Table 3 Top 20 Journals Related to Central Sensitization
Based on the co-occurrence analysis of 8643 KeyWords Plus, we revealed that they can be classified into three different clusters (Figure 3). We ranked them in each cluster based on their network centrality. In cluster 1, “central sensitization” (Betweenness Centrality:121.20) had the highest centrality, followed by “pain” and “hyperalgesia”. Cluster 2 contained only two elements, “sensitization” and “central”. However, cluster 3 revealed another topic closely linked to CS: “neuropathic pain” (Betweenness Centrality:21.58). “Spinal-cord”, “neurons”, and “activation” also belonged to the same cluster (Supplementary Table 3). We divided the 23-year time span of articles into three periods: 1998–2005; 2006–2012; and 2013–2020. As shown in Figure 4, in the first period of 1998–2005, we identified 12 thematic fields, of which “substance-p” and “central sensitization” were the most studied. In the second phase, the field of “neuropathic pain” emerged, which evolved from the previous nine thematic areas. “Temporal summation”, which evolved from three thematic areas, was also an important emerging concept during this period. Interestingly, in the recent period, many of the previous fields evolved into the final five key areas: “central sensitization”, “neuropathic pain”, “ double-blind”, “sensitization”, “low-back-pain”, and “brain”. These were the hot research topics and future directions in the field of CS.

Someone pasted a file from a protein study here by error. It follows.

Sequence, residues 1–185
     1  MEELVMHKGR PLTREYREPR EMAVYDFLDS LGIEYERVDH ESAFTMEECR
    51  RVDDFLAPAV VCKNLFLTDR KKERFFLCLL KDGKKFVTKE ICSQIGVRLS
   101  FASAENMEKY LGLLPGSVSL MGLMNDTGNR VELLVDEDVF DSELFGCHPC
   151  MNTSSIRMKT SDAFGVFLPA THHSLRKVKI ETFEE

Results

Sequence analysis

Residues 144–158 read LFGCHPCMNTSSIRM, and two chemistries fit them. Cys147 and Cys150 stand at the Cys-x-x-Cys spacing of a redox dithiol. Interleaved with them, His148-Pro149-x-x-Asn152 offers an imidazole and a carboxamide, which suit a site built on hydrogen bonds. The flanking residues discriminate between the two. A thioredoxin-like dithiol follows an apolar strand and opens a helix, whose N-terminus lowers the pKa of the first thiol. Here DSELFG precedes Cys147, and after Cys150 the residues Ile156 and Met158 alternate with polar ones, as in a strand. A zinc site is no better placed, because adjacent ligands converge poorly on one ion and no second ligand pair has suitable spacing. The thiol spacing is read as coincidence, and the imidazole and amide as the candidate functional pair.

Figure 3 Network visualization of KeyWords Plus (KWP) co-occurrence. The thickness of the connecting line between 2 keywords represents the strength of co-occurrence. The size of the KWP represents the index of their centrality.
Figure 4 Thematic evolution of KeyWords Plus in field of research on central sensitization 1998–2020. Three time slices: 1998–2005, 2006–2012, and 2013–2020.
The most influential authors, articles, and journals were determined based on co-citation networks and cluster analysis. In articles and authors clustering, we obtained four main clusters, while in journals we obtained two (Figure 5). Figure 5A showed that “Woolf CJ”, “Arendt-Nielsen L”, “Burstein R” and “Treede RD” occupied the center of each of the four author clusters. The top five co-cited authors with the highest Betweenness Centrality were “Woolf CJ” (118.06) in cluster 1, and “Treede RD” (50.30), “Koltzenburg M” (34.07), “Melzack R” (31.42), and “Baron R” (26.11) in cluster 4 (Supplementary Table 4). “Price DD” (22.72) and “Burstein R” (13.78) were the most centralized in clusters 2 and 3, respectively. Figure 5B indicated that “Woolf CJ, 2011” and “Latremoliere A” were centered in the largest cluster of articles. In fact, six of the top 10 co-cited articles with the highest centrality were written by Woolf CJ, and these articles were in the center of cluster 1, cluster 2, and cluster 4. As for the co-cited journals, the “Journal of Neuroscience” and the “Pain” are the most centralized in clusters 1 and 2, respectively (Figure 5C). However, the “Pain” was the most centralized by a large margin. Most of the journals in cluster 1 were neuroscience journals, while the journals in cluster 2 seemed to be more focused on pain research. The above results indicated that “Woolf CJ” and the “Pain” were the most influential author and journal in the co-citation network, respectively.